Barista Cafe

Barista

Q: Okay so you’re the manager of the café – do you know what the goals of the owners were when they opened the café, was it to maybe bring a little bit more culture to Newland Avenue due to the Turkish influence on the place?

A: I think for them at the start they wanted to be somewhere where it was comfortable for locals to come in, especially with the coffee aspect – that was the main priority when first opening the place; we wanted to be speciality coffee and have the best coffee on Newland Avenue. Then I think they realised that that necessarily wouldn’t be enough, so we got a really great chef and created a really great menu for brunch and tried to use as many local producers as we could at the start and it kind of went on from there. They tried to keep a little bit of Turkish heritage in a few of the meals, then expanded to other cultures such as with our Mexican eggs and Korean breakfasts to pay a homage to different countries as well as Turkey.

Q: I reckon that makes this place stand out a little bit too from other places.

A: Yes, other places don’t really do breakfasts either, and if they do it’s usually quite plain such as cakes and croissants. Here you can have a sit-down meal. A lot of people come in if they’re coming from work to lunch or meeting groups; we have mum groups and book clubs coming in as well – it’s just a nice atmosphere.

Q: Do people usually ask to hold their clubs here or do they just tend to come here anyway?

A: They just tend to come anyway. Sometimes people do ask to book or use the place for functions which we are maybe slowly going to start building on, but at the moment it’s just people coming in and we know they are coming because they come the same time every week.

Q: Do you have a specific dish on the menu that seems to be a favourite with people or is it quite a mix with what people order?

A:  It is quite a mix. To be honest the Mexican eggs are one of our most popular, then you’ve got our big breakfast and Benedict’s too, but our Mexican eggs are definitely popular. It’s like sweet potato, avocado, black beans, eggs, chilli, and chorizo. In the past year we’ve tried to be more vegan friendly as well; we do a vegan breakfast, we try to make our soups vegan, and we’re starting to come up with a few more ideas to try make more things vegan so vegans don’t have just one or two options on the menu.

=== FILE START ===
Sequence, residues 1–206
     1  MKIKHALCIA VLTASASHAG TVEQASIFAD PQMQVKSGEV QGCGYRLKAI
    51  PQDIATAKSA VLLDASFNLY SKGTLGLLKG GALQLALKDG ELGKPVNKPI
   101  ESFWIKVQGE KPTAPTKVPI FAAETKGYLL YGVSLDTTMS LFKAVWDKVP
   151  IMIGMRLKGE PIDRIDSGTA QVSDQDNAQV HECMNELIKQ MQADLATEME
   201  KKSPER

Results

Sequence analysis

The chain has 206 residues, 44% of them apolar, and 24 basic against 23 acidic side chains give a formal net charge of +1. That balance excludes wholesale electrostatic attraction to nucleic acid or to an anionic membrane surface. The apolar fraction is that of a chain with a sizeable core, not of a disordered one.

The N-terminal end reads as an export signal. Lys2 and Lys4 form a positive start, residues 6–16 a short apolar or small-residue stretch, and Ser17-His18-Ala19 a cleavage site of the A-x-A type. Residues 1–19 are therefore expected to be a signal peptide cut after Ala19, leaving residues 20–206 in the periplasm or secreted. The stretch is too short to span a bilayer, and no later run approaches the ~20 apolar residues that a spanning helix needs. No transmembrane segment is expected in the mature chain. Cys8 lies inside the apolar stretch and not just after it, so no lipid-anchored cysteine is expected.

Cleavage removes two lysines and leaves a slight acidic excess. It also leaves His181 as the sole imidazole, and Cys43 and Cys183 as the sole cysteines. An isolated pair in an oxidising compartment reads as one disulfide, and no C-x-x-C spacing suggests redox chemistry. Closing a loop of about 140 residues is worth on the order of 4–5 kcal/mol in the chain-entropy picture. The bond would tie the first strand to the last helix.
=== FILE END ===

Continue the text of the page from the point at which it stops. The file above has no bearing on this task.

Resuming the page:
Q: Do you use free-range eggs, red-tractor meat, and sustainable fish?

A: Yes.

Q: Are these usually sourced from local traders?

A: We used to use a butcher down this area, but we’ve recently started getting our meat from Turner Price. We get red lion stamped free range eggs from there too.

Q: Do you use seasonal produce for your menu dishes?

A: Our menu does change a bit throughout the year, probably around every six months. There are some items we keep throughout the year but because we have only been open a year and a half, we have had some things on the menu change quite a bit. I think we’re going to try do a set menu six months at a time so you get the autumn and winter vibe then a spring and summer menu with more salads. Over the next couple of months we’re going to bring more soups in and reduce the amount of salads.

Q: Do you have an interest in sustainability?

A: Not so much sustainability, I know our vegetables aren’t organic either. It is something that I would like to diverge into, but the owners are concerned with the costings of organic food and it is a little bit difficult.

Q: Do you do takeaway coffees?

A: Yes

Q: Do you offer compostable cups?

A: We sell our own bamboo travel mugs where we encourage people to buy those instead and a lot of people who come in do have their own mugs, which is quite nice to see. We have paper takeaway cups for those who don’t.

Q: Do you think food waste is a problem here, or is it the case that food tends to get used up anyway?

A: Food waste is quite a big problem. If things are going out of date we don’t tend to use them as much as we should. If there’s left over vegetables it would be nice to turn them into a soup special, but we’ve had quite a rotation of chefs at the moment who aren’t as open to doing this – so it is something we need to keep track of.

Q: It may be useful to look at what gets used most frequently and what gets wasted and try to plan your stock from there, I guess if you aren’t sure what the demand will be each day it could be difficult to estimate what will get used, and it is probably overwhelming to try and figure out how to use all the remaining food.